By Dr. Kevin Thomas —
We love to choose sides. As children, we played “Cops and Robbers.” As we grew older, we divided ourselves by allegiance to sports teams, style of clothing, country versus rock n roll, or jocks versus nerds. With the passage of adolescence, our divisions began to center around world views: republican, democrat, conservative, progressive, evangelical, or fundamentalist. Our groups make us feel safe. By surrounding ourselves with like-minded people, we protect ourselves from other, uncomfortable viewpoints. All the people in my group help to convince me that I’m right, so the other groups must be wrong. Kept in perspective, these divisions can be entertaining and even helpful. Rivalries can be fun, and opposing opinions can shape better policy. Lately, though, we seem to have lost perspective. We live in a sharply divided world where we demonize the other side. Cooperation comes to a standstill. We live in an ideological stalemate, with all sides convinced that they alone are right.
Against a very similar backdrop, Jesus told a story (Matthew 13:24-20). A farmer sowed good wheat. While he slept, an enemy sowed tares (weeds) among the wheat. When both came up, the workers offered to weed out the tares. The wise farmer knew better. While there certainly were good plants and weeds, it was nearly impossible to distinguish between the two. One was life-giving, the other poisonous, but from all appearances they were the same. Even if the workers could identify the weeds, their roots were so entangled with the wheat that they couldn’t pull one without damaging the other.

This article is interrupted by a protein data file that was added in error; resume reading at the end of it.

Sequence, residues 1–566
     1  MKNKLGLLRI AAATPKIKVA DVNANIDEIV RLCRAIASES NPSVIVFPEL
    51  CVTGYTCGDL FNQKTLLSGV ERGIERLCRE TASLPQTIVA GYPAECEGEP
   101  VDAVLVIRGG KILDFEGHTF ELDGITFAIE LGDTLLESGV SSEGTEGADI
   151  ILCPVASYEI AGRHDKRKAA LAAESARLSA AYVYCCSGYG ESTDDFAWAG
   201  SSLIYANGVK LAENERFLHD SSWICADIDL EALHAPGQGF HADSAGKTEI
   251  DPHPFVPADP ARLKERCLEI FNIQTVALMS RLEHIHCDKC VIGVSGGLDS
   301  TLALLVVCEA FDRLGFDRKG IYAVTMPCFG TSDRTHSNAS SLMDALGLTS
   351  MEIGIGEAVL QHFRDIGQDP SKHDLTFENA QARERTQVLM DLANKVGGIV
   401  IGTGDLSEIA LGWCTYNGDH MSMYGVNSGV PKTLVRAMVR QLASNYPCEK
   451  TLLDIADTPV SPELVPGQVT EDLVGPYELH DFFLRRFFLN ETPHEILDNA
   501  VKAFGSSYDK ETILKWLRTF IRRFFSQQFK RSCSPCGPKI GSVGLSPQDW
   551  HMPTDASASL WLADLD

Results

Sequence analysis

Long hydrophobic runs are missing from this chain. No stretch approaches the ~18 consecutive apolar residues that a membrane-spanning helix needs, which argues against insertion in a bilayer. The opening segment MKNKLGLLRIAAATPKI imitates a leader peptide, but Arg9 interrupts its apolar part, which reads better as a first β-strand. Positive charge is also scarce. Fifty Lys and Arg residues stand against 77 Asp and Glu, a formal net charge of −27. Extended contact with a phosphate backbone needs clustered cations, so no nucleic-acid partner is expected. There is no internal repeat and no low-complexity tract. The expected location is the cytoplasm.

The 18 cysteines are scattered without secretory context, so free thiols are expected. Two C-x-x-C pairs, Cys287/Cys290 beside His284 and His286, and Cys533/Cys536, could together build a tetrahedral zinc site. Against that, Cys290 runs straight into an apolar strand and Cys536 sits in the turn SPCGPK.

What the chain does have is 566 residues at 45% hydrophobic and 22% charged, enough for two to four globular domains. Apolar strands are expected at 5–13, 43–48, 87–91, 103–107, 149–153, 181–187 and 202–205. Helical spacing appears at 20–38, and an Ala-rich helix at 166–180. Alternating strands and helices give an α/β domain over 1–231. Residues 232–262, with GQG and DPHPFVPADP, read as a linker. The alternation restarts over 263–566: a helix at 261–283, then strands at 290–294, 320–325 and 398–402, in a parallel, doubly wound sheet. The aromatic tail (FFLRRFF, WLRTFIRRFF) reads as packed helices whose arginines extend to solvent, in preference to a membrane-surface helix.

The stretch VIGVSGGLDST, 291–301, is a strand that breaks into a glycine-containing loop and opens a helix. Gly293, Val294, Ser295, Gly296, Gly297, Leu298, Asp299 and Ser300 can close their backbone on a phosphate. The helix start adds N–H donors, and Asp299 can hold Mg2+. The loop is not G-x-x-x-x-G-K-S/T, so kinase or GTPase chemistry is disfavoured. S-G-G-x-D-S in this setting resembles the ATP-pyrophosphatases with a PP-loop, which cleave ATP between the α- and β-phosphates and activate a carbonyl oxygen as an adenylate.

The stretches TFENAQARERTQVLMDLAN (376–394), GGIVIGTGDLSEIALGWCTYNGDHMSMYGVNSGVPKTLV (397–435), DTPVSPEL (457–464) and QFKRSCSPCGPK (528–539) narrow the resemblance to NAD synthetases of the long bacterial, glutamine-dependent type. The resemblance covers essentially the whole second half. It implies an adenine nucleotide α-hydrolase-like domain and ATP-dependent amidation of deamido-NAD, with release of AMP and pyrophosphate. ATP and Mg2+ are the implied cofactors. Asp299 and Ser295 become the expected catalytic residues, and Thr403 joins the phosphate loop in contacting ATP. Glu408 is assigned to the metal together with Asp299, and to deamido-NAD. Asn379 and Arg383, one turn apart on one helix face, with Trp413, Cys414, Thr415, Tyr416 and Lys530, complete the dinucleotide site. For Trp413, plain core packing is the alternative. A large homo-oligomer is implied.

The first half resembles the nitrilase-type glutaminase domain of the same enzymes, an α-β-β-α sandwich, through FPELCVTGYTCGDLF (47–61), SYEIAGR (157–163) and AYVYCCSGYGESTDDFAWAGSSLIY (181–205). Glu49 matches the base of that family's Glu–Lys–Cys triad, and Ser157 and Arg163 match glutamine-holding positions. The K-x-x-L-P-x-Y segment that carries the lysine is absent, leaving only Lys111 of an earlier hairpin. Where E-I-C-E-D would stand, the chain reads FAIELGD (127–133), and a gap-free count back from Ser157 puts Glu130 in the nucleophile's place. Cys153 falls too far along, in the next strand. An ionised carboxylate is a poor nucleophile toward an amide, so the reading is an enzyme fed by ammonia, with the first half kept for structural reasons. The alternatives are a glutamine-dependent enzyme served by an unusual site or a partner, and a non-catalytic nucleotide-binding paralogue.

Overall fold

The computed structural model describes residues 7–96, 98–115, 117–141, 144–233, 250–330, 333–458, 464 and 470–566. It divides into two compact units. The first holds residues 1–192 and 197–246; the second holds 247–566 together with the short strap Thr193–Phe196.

Perhaps from a divine perspective, our differences are not as stark as we think. Maybe we’ve each glimpsed the truth from a different angle. Even if some weeds have grown up among us, it may be impossible to tell. Attacking one group will almost certainly damage us all. So, what are we to do? Ignore evil? Not at all.
The farmer explains. At harvest time, it will be obvious which fruits are good and which are bad. Then they can be separated. At our final judgment, the Lord of the harvest will make the decision that only God is qualified to make.
In the meantime, “Let them both grow until harvest time” (Matthew 13:30). In a horribly divided world, may we demonstrate the love of Christ by living in peace with all people.